The Kimbell may be on a roll with another blockbuster show. This summer, a Monet exhibit brought the museum its largest crowds in two decades. Marking the hundred-year anniversary of his death, the Kimbell’s first major survey of Pierre-Auguste Renoir’s work focuses on the defining subject of his career, the human figure. Nudes, in particular.
On view through January 26 at Kimbell Art Museum, Renoir: The Body, The Senses captures the fifty-year evolution of the French painter who led the development of the Impressionist style known for capturing figures in landscapes with vibrant colors. With over sixty works from Renoir, the artists who inspired him as a student, and the artists he influenced, this show also captures the painter’s place in his time.
The concentration of this juxtaposition is particularly high in the exhibit’s first gallery, which highlights the artist’s influences. Four early works from Renoir, including his self-portrait from 1876, are shown alongside paintings from an older generation of artists including François Bouchet, Jean-Baptiste-Camille Corot, and Eugène Delacroix. Growing up near the Louvre, these paintings from old masters are representative of the works Renoir regularly viewed as a boy.
“Renoir was trying to map out the human body as a young artist,” said Esther Bell, Chief Curator of the Clark Art Institute in Massachusetts, who co-organized this exhibit with George Shackelford, deputy director of Kimbell.
From 1870, “Bather with a Griffon Dog” is one of Renoir’s first major nudes. “One critic said the model was in need of a bath,” said Bell. “There was an uneasiness with this realistic depiction of the female body.”
In the next gallery, five years have passed and Renoir’s work is shown alongside paintings from his Impressionist peers, Edgar Degas and Paul Cézanne, revealing an artistic dialogue. This section includes works that are not nudes, including one of the highlights of the exhibit, Renoir’s “Sleeping Girl.”
“The senses are represented in this painting,” Shackelford said, referencing the show’s title. “You have the sense of hearing, because the cat is undoubtedly purring, and the sense of touch between girl and cat.”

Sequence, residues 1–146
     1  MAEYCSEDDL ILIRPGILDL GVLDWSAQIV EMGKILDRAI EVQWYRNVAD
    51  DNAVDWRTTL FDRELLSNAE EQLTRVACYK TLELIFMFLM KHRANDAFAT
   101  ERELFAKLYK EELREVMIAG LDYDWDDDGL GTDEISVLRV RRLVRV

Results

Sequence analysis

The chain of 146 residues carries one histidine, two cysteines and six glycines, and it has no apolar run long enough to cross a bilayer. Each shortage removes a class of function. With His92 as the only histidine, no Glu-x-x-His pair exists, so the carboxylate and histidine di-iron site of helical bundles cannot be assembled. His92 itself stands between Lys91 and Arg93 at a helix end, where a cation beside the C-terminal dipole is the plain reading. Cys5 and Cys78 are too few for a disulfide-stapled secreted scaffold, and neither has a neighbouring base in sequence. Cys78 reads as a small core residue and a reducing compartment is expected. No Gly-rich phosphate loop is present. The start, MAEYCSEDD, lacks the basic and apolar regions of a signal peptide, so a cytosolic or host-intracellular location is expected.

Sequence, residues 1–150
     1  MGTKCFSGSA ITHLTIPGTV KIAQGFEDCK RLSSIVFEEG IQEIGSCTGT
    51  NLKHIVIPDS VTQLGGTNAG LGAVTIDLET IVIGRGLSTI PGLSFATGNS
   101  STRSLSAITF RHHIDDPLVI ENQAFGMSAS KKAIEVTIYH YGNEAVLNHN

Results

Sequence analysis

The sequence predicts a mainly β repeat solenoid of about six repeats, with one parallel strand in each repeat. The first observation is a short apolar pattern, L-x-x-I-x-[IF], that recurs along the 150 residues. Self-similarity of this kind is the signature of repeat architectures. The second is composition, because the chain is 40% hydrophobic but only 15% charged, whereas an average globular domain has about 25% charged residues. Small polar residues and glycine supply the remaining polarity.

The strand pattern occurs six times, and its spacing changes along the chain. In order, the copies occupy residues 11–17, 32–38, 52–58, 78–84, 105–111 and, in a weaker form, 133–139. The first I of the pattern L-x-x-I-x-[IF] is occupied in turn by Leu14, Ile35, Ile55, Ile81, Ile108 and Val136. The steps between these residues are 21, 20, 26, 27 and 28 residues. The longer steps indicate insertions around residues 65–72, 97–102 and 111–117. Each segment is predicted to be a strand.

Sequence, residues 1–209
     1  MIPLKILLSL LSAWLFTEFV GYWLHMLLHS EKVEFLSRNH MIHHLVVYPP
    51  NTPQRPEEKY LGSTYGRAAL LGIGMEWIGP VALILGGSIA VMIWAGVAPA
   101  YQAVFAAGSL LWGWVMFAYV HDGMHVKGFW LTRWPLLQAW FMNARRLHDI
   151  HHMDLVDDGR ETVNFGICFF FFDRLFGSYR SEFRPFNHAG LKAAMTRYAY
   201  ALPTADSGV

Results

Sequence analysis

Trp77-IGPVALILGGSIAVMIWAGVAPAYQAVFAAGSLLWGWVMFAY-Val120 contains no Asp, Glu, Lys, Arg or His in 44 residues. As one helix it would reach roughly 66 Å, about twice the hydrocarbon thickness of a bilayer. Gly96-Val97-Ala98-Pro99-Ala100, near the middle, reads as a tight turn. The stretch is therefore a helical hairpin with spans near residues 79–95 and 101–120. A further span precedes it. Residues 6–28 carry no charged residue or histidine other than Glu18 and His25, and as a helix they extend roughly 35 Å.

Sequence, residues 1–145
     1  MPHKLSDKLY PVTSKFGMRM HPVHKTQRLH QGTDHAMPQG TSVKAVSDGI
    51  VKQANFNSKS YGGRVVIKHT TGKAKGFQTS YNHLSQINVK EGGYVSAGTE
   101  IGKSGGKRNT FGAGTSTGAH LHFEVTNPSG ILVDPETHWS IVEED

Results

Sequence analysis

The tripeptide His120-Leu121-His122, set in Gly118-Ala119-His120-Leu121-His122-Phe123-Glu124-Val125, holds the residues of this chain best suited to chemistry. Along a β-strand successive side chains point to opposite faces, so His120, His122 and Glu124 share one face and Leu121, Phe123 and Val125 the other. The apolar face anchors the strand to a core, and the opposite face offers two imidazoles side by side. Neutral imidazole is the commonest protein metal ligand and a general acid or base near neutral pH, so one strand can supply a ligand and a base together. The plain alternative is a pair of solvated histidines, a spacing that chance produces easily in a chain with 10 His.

Another stunner on loan for this exhibit is 1742’s “Diana Leaving Her Bath.” The first Boucher painting purchased by the Louvre in 1852, it had an enormous influence on Renoir and informed the way he rendered the body of a woman throughout his career. Unfortunately, “The Great Bathers,” the masterpiece Renoir spent three years creating, is not included here. But a red and white chalk study for the painting helps fill the void.
From 1881, “Blonde Bather” is a portrait of Renoir’s future wife, Aline Charigot. It marks a shift in style influenced by the classical period from Italian masters that continues with 1897’s “Bathers Playing with a Crab.”
“Renoir starts showing an interest in line and silhouette that is very much indebted to Italian fresco paintings,” said Bell.
By the twentieth century, Renoir was part of the continuum of great French art first represented by the Golden Age of the seventeenth century. His influence on modernism is highlighted here with Picasso’s 1906 painting, “Nude Combing Her Hair.” Struggling with arthritis late in his life, Renoir also started collaborating with younger artists to create his first sculptures.
“It’s amazing to think of Renoir sculpting from a wheelchair by communicating ideas verbally,” Shackelford said.
Making his paintings three-dimensional, bronze sculptures like “Venus Victorious” from 1914 are remarkable figures that show the strength of Renoir’s vision.
But Renoir still had some of his greatest achievements as a painter ahead of him. Completed in his final year, “The Bathers” is one of his best works. It is also one of Renoir’s most experimental paintings because he is more concerned with colors shifts than making his figures anatomically correct.
“Renoir became interested in a boneless form, a body that is taking up the entire picture plane,” Bell said. “It’s as if these women are going to pop out of the frame.”
Completed after Renoir’s death in 1919, works by Henri Matisse, Pierre Bonnard, and Fernand Léger are included in the last gallery to demonstrate his enduring influence. A photograph of Picasso in his studio with a Renoir painting for inspiration is also included in the show. The exhibit even includes Renoir’s painting of a seated bather, which was purchased by Picasso in 1920.